“If you’re from another country, why can’t you have the foods that you’re used to? Or that your body is craving?” Clark said.

As time has gone on, Food Lifeline has adjusted to the knowledge that what food people are eating can be just as important as the fact of them eating, after serving a community of migrant farm workers in Northern Seattle.

“We were sending them potatoes and cauliflower and they were like, ‘This is nice but we don’t know what to do with it. Can you get us tortillas, masa harina, tomatillos?’ and so now, we do,” Coleman said. 

While focusing on the impact culture has on the way individuals source, eat and prepare their food, Nurturing Roots also seeks to provide natural health solutions to communities that may have limited access to medicine.

“Oregano, rosemary, lavender, there’s all kinds of things that we don’t necessarily notice as a medicinal source. But melon, for example, grows and thrives in the northwest and it’s really good to reduce inflammation and mucus.”

Brian Sindel, food bank manager at the Jewish Family Service (JFS), an organization aiding vulnerable families in the Puget Sound region, echoes Clark and Coleman in the belief that food alone does not make healthy communities, healthy food does. 

“Food banks, for a long time, have been thought of strictly as charity, that people should be happy with anything that they can get… [but] this isn’t about charity, this is about health equity. How do we make sure communities have access to things that are going to make them healthy so they can thrive, and if we’re just loading unhealthy foods onto people, that’s not going to help anybody.” 

While the majority of JFS’s served population are unhoused individuals, people from different living situations utilize food insecurity programs. Food that needs to be properly prepared can complicate accessibility for unhoused persons. 

“When you don’t have access to housing, it’s much more challenging to eat healthy food. A lot of what is shelf stable isn’t healthy and that’s why just addressing someone’s hunger needs, isn’t the full picture,” Sindel said. “You can’t go to a foodbank and be a healthy person while being unhoused.”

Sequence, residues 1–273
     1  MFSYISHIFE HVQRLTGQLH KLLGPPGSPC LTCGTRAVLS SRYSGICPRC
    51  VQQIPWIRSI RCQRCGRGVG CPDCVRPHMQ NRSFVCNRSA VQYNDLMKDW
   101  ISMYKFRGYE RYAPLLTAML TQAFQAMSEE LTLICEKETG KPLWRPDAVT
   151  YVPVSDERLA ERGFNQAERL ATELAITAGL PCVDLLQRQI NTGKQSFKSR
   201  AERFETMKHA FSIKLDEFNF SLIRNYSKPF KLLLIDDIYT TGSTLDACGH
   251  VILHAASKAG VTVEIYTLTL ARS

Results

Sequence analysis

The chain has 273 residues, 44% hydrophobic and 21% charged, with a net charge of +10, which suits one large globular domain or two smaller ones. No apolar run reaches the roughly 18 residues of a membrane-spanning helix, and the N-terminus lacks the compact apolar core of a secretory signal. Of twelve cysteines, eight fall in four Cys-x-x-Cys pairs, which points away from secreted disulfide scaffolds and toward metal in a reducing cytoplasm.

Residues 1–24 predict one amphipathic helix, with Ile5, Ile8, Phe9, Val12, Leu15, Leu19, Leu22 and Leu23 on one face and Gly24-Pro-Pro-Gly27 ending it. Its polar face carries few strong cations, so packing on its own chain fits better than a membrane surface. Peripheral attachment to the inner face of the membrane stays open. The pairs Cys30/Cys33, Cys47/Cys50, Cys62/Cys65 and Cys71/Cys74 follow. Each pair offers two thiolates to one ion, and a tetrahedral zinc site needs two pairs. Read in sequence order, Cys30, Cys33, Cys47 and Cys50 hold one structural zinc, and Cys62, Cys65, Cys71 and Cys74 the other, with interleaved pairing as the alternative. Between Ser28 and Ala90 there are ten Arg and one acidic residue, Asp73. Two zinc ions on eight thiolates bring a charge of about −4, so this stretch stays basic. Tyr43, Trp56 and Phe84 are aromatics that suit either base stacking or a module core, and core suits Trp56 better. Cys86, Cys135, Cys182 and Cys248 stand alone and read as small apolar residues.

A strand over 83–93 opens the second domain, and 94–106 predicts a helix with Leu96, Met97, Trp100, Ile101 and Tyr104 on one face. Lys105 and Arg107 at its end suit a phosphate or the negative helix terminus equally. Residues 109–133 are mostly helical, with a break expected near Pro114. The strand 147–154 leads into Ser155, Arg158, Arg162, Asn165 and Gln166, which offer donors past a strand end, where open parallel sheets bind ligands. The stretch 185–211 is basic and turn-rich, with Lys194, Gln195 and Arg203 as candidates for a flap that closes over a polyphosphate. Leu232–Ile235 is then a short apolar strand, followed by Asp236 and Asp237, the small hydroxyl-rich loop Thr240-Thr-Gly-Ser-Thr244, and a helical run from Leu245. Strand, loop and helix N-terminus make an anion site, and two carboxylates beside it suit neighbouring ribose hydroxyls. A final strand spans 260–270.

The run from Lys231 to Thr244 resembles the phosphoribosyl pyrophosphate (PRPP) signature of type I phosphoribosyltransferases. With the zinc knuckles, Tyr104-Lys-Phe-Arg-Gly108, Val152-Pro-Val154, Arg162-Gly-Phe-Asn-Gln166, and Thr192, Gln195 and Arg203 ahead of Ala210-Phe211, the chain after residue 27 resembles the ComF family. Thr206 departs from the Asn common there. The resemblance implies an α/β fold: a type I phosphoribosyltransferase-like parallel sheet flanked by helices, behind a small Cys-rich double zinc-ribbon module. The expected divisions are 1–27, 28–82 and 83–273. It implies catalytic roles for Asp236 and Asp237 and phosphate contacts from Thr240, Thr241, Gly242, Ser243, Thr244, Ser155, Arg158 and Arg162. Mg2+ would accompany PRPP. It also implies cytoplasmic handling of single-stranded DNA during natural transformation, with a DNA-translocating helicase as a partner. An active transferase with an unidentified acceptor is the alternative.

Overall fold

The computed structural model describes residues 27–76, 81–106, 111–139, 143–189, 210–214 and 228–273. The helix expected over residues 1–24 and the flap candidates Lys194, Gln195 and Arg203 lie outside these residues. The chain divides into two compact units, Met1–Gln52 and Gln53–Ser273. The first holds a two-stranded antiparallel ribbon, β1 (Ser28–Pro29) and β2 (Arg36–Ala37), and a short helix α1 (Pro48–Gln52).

While food insecurity is a pervasive issue across Seattle, it exists at Seattle University as well. According to a Hope Temple study, over 23% of undergraduate students are food insecure, Seattle U not being immune to this statistic. 

Megan Okuma, project assistant at the Wellness and Health Promotion at Seattle U, talked about food insecurity initiatives on campus, one of which being the food pantry. 

“The food pantry is located where it used to be last year, what is now called the MOSAIC Center, and students can go onto ConnectSU, fill out an order form, and pick up one bag per week.”

Okuma is grateful for the addition of the food pantry to other Seattle U resources, discussing how navigating budgeting and meal planning as an undergraduate student can be arduous and difficult to maintain.

With nearly half of Seattle U students coming from households making more than $120,000 a year, Ashley Sydenstricker, a third-year film major, highlighted how hunger and the inability to afford food are not often discussed in campus discourse. 

“I’m glad SU started up the pantry, it was about time. Especially because we’re in a predominantly wealthy school, food and starvation is sort of a foreign topic to bring up when it isn’t a joke. I think it should be talked more about because it’s not like anyone’s immune to it.”

While hunger might not always be visible, it exists in large numbers in Seattle. As the foundation of human life, food access interacts with all other facets of living, amplifying the impacts of food insecurity far beyond malnutrition.

“Everyone deserves access to free food anytime because it’s a human necessity,” Sydenstricker said. 

Hannah Mwangi also contributed to this article.